Friday, January 15, 2010

The vast ocean of non-fiction writing

When I come across a fellow book-lover, I am always interested in knowing what they read. More often than you expect, when I ask the question the person says, part dismissively part grandly, "Oh I read just about anything." I have always found that a revealing answer. It tells me a lot more about the speaker than they probably imagine (and very different from what they intend). I pigeonhole the person as someone from the group of interested if somewhat casual readers, who are happy to pick up books they come across and to read them but haven't yet found the discrimination to identify and label what they really like. Maybe I am mistaken about this. Maybe there are some true biblio-omnivores out there who truly read 'just about anything'. But I doubt it. There is just too much writing out there.

Take non-fiction, which is the mother of open seas, far as I can make out. There are so many different kinds of non-fiction books, authors and subjects that the mind reels at the thought of even classifying them. It is a little bit easier with fiction. Genres are relatively well defined. For anything that doesn't neatly fall into a genre there is the catch-all called 'literary fiction'. It isn't too complicated. Non-fiction, on the other hand, is a complex beast. One starts classifying by the high level subject - history, politics, current affairs, economics, management, psychology, sociology, self-help, popular science, biography and on and on. You can end up with a list that is a hundred items long, and still feel unsatisfied. Remember too, that there isn't a natural category for 'everything else'. Which makes the head spin at this task. Take any one of these categories though, and you realize that the category names are so woefully inadequate. The breadth and variety of books within each group is so vast! You might say you like books on politics, but your idea of a book on politics might be Team of Rivals, not I am America, and So Can You, which you might consider not a politics book at all.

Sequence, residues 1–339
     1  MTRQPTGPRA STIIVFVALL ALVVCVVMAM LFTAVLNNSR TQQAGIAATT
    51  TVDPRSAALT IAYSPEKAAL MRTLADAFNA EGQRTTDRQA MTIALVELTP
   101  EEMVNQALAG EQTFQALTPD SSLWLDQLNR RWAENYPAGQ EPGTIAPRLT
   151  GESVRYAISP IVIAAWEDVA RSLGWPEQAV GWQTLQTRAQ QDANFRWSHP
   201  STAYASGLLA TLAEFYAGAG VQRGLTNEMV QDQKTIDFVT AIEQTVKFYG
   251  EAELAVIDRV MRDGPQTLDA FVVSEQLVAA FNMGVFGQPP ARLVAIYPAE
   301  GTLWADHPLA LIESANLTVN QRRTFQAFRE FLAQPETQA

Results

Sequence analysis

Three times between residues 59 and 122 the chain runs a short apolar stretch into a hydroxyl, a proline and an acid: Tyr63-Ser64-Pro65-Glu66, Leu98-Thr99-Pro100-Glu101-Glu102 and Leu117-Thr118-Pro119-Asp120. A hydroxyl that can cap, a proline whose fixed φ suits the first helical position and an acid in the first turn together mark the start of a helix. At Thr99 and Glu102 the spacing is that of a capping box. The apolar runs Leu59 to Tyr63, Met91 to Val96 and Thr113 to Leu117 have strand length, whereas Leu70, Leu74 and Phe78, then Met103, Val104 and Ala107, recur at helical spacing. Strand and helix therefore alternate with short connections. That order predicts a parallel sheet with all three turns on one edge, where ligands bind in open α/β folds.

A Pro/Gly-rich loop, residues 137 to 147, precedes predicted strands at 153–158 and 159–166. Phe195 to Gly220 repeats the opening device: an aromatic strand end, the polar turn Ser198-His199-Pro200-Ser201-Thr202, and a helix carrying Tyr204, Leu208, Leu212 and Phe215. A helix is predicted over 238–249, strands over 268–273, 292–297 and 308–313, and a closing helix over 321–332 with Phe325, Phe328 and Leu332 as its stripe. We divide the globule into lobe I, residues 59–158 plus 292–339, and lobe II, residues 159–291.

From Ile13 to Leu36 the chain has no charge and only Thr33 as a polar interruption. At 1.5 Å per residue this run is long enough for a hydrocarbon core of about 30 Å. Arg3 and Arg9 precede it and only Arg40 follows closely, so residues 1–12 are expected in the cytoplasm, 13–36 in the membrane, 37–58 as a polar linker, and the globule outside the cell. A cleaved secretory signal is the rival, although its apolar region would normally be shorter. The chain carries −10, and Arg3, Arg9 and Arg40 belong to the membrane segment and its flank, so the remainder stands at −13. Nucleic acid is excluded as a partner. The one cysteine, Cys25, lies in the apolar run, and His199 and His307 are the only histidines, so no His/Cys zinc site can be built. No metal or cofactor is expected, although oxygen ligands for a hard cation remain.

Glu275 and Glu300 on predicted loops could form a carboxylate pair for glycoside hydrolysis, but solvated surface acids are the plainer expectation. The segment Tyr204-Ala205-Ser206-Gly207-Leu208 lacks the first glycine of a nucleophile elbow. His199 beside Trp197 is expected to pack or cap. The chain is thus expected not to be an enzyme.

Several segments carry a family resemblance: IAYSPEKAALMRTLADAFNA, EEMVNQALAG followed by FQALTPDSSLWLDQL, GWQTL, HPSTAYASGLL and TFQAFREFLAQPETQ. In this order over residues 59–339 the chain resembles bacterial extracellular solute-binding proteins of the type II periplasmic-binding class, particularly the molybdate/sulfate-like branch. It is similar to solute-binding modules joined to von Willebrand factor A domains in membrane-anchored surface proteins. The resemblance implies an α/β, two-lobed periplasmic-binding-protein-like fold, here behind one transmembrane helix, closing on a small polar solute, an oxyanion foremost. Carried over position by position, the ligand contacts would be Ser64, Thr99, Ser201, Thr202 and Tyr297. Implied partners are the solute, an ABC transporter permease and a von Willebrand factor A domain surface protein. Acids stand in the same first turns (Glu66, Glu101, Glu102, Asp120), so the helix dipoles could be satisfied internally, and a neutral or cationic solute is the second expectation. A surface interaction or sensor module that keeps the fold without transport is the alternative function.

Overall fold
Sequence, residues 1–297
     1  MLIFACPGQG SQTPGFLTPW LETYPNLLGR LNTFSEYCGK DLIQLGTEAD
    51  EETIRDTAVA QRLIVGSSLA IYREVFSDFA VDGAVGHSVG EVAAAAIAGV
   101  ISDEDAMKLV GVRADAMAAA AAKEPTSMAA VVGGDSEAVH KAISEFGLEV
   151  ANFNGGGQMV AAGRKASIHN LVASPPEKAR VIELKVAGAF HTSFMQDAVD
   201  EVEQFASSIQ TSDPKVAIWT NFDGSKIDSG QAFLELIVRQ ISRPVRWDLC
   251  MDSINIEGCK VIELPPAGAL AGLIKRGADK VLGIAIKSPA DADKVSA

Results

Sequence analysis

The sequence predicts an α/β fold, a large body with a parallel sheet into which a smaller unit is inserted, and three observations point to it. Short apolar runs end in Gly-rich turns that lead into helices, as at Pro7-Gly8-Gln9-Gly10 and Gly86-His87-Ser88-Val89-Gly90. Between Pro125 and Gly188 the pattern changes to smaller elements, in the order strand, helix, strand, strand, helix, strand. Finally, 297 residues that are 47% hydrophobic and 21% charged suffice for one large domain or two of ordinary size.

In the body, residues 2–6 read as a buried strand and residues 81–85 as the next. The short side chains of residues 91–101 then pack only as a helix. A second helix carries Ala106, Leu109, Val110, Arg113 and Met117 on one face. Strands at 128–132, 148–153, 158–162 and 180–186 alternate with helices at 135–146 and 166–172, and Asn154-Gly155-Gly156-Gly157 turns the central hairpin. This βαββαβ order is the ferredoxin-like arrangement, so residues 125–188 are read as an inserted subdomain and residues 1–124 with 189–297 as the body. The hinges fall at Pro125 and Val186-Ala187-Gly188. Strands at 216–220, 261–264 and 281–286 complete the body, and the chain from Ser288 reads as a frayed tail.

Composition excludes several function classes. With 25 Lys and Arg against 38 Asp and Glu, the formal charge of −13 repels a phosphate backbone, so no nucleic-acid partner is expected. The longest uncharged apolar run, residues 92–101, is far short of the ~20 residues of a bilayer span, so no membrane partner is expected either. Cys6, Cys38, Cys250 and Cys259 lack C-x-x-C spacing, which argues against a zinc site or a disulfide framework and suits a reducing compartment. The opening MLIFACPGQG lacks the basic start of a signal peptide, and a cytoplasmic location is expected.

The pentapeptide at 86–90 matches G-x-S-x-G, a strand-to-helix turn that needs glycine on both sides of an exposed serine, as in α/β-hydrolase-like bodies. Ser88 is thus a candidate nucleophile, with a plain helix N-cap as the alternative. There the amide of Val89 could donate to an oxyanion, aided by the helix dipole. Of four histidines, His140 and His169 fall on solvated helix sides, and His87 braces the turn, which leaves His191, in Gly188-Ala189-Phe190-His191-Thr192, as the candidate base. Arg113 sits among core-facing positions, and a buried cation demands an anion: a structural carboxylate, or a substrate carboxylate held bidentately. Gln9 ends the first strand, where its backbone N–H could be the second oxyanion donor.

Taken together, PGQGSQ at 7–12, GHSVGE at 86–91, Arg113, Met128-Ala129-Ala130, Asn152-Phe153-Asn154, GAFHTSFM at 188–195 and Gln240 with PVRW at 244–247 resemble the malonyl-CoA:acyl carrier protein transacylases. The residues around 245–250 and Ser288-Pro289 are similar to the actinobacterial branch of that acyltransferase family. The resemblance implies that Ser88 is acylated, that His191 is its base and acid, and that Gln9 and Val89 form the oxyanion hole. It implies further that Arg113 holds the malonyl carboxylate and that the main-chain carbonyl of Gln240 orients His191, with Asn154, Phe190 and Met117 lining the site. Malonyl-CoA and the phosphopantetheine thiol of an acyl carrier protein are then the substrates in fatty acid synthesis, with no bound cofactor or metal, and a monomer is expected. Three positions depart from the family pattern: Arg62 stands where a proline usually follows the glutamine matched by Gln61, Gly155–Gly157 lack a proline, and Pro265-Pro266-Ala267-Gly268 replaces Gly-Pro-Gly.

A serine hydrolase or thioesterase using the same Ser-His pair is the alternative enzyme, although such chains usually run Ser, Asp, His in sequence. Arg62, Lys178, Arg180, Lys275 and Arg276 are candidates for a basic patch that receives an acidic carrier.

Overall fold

The non-fiction books I have been reading recently are what started this line of thinking in my head. So far this year, I have only read non-fiction. My crossover book from last year into this one was What The Dog Saw, by Malcolm Gladwell. Then I read Mountains Beyond Mountains, by Tracy Kidder.

[As an aside, the terrible earthquake induced tragedy in Haiti has made that book sound even more touching in retrospect. I can't imagine what Dr.Paul Farmer and his Zanmi Lasante hospital in Haiti are going through right now and pray that they have all they need.]

I am currently reading two books, both non-fiction: In Defense of Food by Michael Pollan and (on audio tape narrated wonderfully by the author) In a Sunburned Country by Bill Bryson. Four books so far in this year. Each so different from the other that I am not sure whether there is at all a common underlying element that attracted me to them in the first place. And these four fairly diverse books are all 'non-fiction'.

Which makes me wonder - exactly how vast is this ocean called non-fiction? What makes me pick one book from this vastness over another? And who, pray, are the readers who truly read 'just about anything'?


  1. i'm confused. you seem to be one of the candidates who will read just about anything, based on your 2010 reading so far!